SO you have a 25 year old clapped out banger, a money-pit rust bucket held together by string and a prayer – congratulations you have a ‘classic car’.
BUT a true classic car buff has a nostalgic piece of art, memories of past youth, swooned over, meticulously maintained, washed, waxed and polished and taking pride of place in the stable of family possessions.
What car cannot turn heads as much as a 1960’s Jaguar E-Type, hood down, purring and burbling through open country lanes? Enzio Ferrari when he first saw the car launched at the Genova Exhibition in 1961 declared it the ‘most beautiful car in the world’. Ettore Bugatti, another Italian maker of exotic cars, also referred to another icon – the racing Bentleys of the 1930’s – to be the ‘fastest lorries in the world’. Two classic British marks that stamped their fame on the World stage and over the epoch of these times the birth of the Classic Car scene.
Definition of a classic car. The usually recognised norm is a car that is 25 years and older.
Without any doubt the UK dominates the classic car scene both throughout Europe and the World with some of the largest active classic clubs; owners, enthusiasts and thousands of myriad specialist companies carrying out restoration, maintenance, spare parts suppliers, auctions, events race organisations and not a week goes by without some meeting of classic car buffs showing off their treasures.
AND that is what it’s really all about: showing off of your pride and joy and meeting with fellow enthusiasts. The problem is that within the ‘Comunidad’ of Madrid there is a dearth of regular events where you, your car and particularly the general public can go and enjoy. There are the occasional annual classic car events, there is one held in February at the Pabellón de Cristal in the Casa del Campo and various irregular one-off events in some of the outlying’ Pueblos’. There are also classic car clubs for specific makes: Jaguar, MG, Triumph, Alfa Romeo, Mercedes, Porsche and even Rolls Royce, but these are member organisations and somewhat insular and not shared by the general public.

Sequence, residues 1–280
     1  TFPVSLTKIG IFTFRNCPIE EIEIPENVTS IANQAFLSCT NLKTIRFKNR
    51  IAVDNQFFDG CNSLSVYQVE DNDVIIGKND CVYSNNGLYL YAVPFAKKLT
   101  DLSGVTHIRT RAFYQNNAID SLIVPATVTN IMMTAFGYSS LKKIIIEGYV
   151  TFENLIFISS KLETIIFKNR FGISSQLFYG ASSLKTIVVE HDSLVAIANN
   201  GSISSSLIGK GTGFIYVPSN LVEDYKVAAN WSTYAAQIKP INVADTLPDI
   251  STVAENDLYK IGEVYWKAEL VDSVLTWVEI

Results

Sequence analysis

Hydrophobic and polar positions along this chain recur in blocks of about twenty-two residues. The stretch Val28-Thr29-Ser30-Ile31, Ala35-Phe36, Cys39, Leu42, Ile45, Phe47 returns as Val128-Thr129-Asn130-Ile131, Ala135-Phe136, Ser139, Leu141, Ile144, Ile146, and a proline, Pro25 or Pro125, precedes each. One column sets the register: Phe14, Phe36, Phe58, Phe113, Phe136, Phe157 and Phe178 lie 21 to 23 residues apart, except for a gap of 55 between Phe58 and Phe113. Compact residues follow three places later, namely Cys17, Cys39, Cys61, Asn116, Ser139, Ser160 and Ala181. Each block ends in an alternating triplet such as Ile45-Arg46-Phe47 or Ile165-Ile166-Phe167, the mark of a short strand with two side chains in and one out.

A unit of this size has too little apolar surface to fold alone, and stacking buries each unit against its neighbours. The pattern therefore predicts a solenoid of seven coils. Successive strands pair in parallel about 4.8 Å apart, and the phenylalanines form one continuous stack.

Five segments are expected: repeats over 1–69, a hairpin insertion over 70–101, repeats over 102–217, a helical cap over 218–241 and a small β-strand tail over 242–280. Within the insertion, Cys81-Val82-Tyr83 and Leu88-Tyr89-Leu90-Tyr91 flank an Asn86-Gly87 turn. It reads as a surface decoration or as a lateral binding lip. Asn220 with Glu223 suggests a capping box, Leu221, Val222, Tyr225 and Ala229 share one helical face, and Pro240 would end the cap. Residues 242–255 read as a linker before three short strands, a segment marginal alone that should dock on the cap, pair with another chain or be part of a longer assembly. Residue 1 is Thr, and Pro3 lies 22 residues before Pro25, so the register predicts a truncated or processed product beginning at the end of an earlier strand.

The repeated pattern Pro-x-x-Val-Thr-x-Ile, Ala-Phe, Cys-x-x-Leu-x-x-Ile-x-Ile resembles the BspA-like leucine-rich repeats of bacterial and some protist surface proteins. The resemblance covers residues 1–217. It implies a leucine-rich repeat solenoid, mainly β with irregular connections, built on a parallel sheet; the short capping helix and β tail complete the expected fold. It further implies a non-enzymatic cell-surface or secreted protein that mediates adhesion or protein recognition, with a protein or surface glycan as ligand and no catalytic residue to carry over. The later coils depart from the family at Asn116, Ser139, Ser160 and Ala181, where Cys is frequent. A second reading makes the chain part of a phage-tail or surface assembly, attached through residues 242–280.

HOWEVER, there is one jewel of a place on our doorstep and that jewel is Navacerrada, a picturesque village nestling in the south facing slopes of the Sierra Guadarrama. Unspoilt by the spread of expanding urbanisations and well known for its excellent Asador restaurants and rustic bars. A haven for skiers in the winter season and now a haven for classis car enthusiasts.
Ricardo Conesa is the organiser and on the first Sunday of every month stages a meeting point for classis cars of all makes and models, European and American and some going back to the early 1930’s. The centre of the village is closed off to all other forms of traffic, the cars are parked in battery to increase the numbers, viewing access and inspection and the public enjoys a cornucopia of nostalgia. The event was started some 14 years ago and the village also shares with an open air flea market which together attracts thousands for a family day out in the countryside.
Sit down on one of the many terrace bars in the centre and if you are eagle-eyed you may spot the odd yellow arrow painted on posts and on street corners. These are the pointers for pilgrims taking the route from Madrid on the Çamino de Santiago. The village is a welcoming rest-point for travellers on the Manzanares to Cercedilla stage before the next stage over the Sierra to Segovia. Brings back memories for I did this Camino a few years ago.
My ‘capricho’ is my classic car, a sapphire blue Jaguar convertible and regularly attend the first Sunday of the month event. So all you classic car buffs and enthusiasts out there come and join me, bring the family and have a wonderful day out!
By Barry Haslam-Walker